KARACHI: The Supreme Court has dissolved its commission on water and sanitation in Sindh and directed the provincial government to implement its recommendations for proper use of water resources and improve the sanitation system, it emerged on Saturday.

The three-judge bench headed by Chief Justice Gulzar Ahmed also directed the chief secretary of Sindh and the provincial law officer to file a comprehensive report after one month regarding compliance of the commission’s recommendations.

While disposing of the main petition filed in 2016 by Advocate Shahab Usto with other applications on the water and sanitation system in Sindh, the bench asked the National Accountability Bureau (NAB) to process its investigations into embezzlement of funds in installing RO/UF plants and the Sindh Coal Authority and finalise the same expeditiously.

Tells the provincial govt to implement its recommendations, file a compliance report after one month

The bench in its order, issued on Saturday, said: “We have noted that on the last date, some suggestions were made for the appointment of the water commission. We find no reason why the water commission needs to be continued. The water commission appointed by this court has already submitted its report/recommendations”.

It further said that it was the duty of the provincial government to ensure that recommendations of the commission were implemented.

The bench directed the advocate general of Sindh to appear before it at next hearing and submit a comprehensive report regarding compliance of the commission’s recommendations and also asked the chief secretary to update the court on compliance.

The additional prosecutor general of NAB filed a report regarding embezzlement of government funds in installing RO/UF plants in Sindh and the bench noted that a similar matter was also pending at the apex court Karachi registry about the Sindh Coal Authority in which a report was also filed by the auditor general of Pakistan.

It issued directives to club both the cases and said that since these matters were pending with NAB, the investigations must be finalised expeditiously.

The bench observed that the provincial government had appropriate legislation to use and distribute water resources in Sindh and if any further law was required, it might be enacted for proper conservation, use and distribution of water resources.

Periodical reports from each district of Sindh regarding compliance of the commission’s recommendations must be submitted before the bench and such reports be obtained from the commissioners of the divisions concerned, it added.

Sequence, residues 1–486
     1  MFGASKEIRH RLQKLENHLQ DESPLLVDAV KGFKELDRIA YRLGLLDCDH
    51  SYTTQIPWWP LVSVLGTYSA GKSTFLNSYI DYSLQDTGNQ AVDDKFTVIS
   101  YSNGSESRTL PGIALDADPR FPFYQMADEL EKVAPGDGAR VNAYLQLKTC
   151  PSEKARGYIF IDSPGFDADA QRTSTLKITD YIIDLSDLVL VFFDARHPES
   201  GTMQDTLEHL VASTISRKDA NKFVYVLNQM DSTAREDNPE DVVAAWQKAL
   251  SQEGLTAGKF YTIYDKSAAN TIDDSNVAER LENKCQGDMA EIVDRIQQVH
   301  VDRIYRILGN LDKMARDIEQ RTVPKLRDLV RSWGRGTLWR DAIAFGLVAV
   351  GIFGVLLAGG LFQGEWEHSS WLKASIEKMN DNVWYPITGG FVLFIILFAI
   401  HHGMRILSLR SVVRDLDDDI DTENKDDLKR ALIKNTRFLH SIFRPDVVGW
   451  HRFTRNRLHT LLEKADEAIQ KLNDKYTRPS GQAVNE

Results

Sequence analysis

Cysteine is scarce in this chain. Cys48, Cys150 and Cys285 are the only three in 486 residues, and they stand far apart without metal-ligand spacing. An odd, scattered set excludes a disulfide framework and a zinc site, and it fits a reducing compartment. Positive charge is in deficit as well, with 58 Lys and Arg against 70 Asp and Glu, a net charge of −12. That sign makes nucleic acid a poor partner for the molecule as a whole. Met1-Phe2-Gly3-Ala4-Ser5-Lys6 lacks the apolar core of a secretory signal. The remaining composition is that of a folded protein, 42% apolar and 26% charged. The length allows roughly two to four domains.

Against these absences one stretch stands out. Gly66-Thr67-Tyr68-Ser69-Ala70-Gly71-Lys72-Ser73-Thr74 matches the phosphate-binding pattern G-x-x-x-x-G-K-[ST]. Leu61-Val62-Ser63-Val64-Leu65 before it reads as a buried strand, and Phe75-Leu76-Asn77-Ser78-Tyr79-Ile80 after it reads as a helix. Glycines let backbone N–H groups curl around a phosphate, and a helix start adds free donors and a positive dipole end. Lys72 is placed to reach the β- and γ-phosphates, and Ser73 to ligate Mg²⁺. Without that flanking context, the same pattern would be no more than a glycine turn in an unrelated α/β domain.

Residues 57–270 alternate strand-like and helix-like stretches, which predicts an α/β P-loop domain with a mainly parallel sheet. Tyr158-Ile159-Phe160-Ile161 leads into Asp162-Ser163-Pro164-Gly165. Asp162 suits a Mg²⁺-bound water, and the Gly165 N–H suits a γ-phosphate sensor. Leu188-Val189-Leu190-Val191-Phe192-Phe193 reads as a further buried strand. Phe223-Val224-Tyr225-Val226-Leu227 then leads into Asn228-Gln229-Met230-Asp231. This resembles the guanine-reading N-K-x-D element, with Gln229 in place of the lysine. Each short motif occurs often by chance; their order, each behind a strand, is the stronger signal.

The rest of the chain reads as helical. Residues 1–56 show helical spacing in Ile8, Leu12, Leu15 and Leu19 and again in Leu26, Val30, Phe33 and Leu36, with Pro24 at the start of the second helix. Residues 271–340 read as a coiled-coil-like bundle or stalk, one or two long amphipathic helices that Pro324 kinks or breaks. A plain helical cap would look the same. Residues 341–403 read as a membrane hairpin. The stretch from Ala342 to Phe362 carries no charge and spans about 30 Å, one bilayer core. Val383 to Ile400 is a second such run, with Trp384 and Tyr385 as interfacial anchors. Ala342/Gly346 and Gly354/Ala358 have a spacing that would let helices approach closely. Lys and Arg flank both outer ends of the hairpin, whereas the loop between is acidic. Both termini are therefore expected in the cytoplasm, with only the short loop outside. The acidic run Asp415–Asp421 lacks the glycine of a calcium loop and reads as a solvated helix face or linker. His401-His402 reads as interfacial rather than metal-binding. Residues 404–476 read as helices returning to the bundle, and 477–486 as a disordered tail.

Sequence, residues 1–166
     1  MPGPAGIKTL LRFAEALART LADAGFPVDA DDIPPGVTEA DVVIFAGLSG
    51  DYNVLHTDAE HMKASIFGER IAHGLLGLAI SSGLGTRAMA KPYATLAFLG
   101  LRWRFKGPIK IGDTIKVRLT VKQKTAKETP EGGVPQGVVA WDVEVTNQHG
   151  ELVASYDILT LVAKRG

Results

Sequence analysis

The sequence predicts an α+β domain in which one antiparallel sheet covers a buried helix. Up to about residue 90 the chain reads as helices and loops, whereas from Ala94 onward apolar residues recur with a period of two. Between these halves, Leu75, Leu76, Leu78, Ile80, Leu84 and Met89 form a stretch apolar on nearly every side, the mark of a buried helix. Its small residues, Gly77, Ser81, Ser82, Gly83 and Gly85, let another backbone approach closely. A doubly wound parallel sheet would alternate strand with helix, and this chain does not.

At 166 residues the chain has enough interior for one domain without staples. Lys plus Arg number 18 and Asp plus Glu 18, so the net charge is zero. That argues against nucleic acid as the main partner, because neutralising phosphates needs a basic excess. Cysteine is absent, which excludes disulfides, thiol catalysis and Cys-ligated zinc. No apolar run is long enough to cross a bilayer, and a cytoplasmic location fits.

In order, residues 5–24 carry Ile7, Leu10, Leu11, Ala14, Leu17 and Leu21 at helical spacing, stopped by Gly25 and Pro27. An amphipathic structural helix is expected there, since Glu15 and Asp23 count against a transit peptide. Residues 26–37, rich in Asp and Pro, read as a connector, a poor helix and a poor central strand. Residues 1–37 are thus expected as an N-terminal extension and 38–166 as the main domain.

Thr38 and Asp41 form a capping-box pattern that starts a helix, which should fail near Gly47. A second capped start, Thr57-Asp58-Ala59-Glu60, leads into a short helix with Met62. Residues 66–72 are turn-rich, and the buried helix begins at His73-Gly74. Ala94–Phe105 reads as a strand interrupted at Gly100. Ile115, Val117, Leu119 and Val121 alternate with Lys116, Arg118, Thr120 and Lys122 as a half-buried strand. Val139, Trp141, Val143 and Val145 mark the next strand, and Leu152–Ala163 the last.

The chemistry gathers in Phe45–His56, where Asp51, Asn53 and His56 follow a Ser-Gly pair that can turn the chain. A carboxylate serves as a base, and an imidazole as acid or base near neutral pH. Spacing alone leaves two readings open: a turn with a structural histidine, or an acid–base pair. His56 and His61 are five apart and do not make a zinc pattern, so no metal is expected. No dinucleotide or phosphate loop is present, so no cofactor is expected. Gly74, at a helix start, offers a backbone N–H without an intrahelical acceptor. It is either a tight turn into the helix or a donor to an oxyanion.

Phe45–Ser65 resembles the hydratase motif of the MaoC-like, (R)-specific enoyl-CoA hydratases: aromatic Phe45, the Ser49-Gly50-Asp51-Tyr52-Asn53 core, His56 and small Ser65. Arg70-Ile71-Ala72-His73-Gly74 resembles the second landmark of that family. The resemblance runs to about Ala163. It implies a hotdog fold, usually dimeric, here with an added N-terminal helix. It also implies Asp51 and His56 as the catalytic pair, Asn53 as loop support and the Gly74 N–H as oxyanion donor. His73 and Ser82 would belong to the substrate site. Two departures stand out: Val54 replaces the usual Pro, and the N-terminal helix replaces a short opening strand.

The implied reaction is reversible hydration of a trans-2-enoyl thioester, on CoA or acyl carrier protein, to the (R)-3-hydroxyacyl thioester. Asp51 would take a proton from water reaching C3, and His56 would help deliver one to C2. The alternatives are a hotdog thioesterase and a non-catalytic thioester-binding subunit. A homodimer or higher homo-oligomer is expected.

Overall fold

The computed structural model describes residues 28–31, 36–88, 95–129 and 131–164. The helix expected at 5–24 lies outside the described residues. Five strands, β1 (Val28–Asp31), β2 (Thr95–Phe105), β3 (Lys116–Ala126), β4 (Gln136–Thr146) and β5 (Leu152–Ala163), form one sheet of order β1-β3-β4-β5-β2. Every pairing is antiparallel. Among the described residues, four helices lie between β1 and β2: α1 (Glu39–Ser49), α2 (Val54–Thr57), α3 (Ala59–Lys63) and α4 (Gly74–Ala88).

“The water commission shall cease to exist from today and the entire record pertaining to the water commission shall be handed over by the registrar of the commission to the chief secretary, government of Sindh by tomorrow, who shall ensure its safe custody”, it ruled.

Secretariat disbanded, registrar relieved

The bench directed the provincial authorities to file a preliminary report about compliance after one month and also disbanded the secretariat of the water commission and relieved its registrar Ghulam Mustafa Channa and asked him to report for duty to his original department.

The bench further ruled that periodical orders passed by the commission were not to be treated as orders of the apex court, but part of the proceedings of the commission, adding that such orders were in the nature of memorandums, recommendations or diary of the commission.

The petition was filed in 2016, and thereafter the apex court had formed the commission headed by Justice Mohammad Iqbal Kalhoro of the Sindh High Court to hold an in-depth inquiry into the water and sanitation problems of the province and to make recommendations for improvement.

After holding a thorough probe, the commission submitted its report in the apex court and in January 2018 the Supreme Court had appointed Justice Amir Hani Muslim, former judge of the apex court, head of the commission for the implementation of the recommendations of Justice Kalhoro. Justice Muslim completed his tenure in January 2019 and since then the commission remained dormant.

Published in Dawn, February 2nd, 2020

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